derful news, and it had all to be told over again. She smiled and seemed pleased, but not as surprised as the children expected.
"Why, aren't you surprised, Lisa?" said the children. "Did you know before? Why didn't you tell us?"
Lisa shook her head and looked very wise.
"What country are we going to? Can you tell us that?" said Celia.
"Is it to your country? Is it to what you call Dutchland?" said Fritz. "I think it's an awfully queer thing that countries can't be called by the same names everywhere. It makes geography ever so much harder. We've got to call the people that live in Holland Dutch, and they call themselves--oh, I don't know what they call themselves----"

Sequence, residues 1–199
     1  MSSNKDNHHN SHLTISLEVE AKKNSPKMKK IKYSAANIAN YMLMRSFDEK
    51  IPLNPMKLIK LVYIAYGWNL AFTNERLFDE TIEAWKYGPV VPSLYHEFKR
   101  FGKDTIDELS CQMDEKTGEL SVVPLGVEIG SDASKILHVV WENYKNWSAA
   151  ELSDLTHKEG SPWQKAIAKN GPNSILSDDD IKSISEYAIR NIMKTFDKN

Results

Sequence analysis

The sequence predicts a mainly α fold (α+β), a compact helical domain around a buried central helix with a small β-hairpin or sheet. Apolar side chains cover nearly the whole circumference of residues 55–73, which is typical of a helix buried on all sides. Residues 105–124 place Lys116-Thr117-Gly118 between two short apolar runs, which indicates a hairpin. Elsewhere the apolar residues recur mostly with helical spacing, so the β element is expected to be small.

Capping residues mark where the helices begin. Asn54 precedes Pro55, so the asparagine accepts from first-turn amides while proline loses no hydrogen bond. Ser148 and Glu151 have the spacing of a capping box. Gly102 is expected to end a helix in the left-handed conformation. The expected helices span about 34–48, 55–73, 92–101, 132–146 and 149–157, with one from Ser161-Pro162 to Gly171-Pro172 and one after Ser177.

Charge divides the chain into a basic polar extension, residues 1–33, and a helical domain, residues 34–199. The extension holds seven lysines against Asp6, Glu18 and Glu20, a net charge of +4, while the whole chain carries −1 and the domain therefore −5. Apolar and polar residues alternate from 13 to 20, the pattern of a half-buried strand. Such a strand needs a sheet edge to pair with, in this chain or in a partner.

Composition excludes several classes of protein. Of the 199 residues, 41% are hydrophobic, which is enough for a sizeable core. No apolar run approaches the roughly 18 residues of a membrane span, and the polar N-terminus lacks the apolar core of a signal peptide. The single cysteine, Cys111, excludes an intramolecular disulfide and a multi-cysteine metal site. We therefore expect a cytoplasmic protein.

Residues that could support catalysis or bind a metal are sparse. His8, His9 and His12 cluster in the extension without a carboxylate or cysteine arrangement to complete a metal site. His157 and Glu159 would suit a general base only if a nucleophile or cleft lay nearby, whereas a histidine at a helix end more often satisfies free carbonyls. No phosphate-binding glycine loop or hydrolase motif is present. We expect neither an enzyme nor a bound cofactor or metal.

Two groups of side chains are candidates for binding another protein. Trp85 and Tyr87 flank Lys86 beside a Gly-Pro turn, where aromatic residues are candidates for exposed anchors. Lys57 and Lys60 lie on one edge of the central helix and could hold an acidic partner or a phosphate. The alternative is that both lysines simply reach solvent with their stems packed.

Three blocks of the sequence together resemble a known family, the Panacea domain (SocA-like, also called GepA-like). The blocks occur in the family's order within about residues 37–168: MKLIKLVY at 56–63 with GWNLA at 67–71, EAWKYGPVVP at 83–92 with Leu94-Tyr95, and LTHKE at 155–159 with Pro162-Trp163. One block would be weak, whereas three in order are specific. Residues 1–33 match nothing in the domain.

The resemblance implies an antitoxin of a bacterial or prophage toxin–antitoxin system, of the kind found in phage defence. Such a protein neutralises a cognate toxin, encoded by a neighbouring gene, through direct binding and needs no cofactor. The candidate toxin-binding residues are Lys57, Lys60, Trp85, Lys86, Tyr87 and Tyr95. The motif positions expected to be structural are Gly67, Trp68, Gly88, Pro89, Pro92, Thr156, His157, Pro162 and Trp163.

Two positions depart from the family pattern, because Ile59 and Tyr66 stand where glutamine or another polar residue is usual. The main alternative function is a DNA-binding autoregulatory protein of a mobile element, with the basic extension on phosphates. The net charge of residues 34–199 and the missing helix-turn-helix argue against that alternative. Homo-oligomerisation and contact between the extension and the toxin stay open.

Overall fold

"Hollanders," said Lisa.
"Hollanders!" repeated Fritz. "Well, that's a sensible sort of name for people that live in Holland. But we've got to call them Dutch; and then, to make it more muddled still, Lisa calls her country Dutchland, and the people Dutch, and we call them German I thi